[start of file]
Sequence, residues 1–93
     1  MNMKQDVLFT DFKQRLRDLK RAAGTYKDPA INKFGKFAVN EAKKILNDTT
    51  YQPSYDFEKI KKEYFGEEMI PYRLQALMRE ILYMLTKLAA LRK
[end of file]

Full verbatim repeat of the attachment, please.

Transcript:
Sequence, residues 1–93
     1  MNMKQDVLFT DFKQRLRDLK RAAGTYKDPA INKFGKFAVN EAKKILNDTT
    51  YQPSYDFEKI KKEYFGEEMI PYRLQALMRE ILYMLTKLAA LRK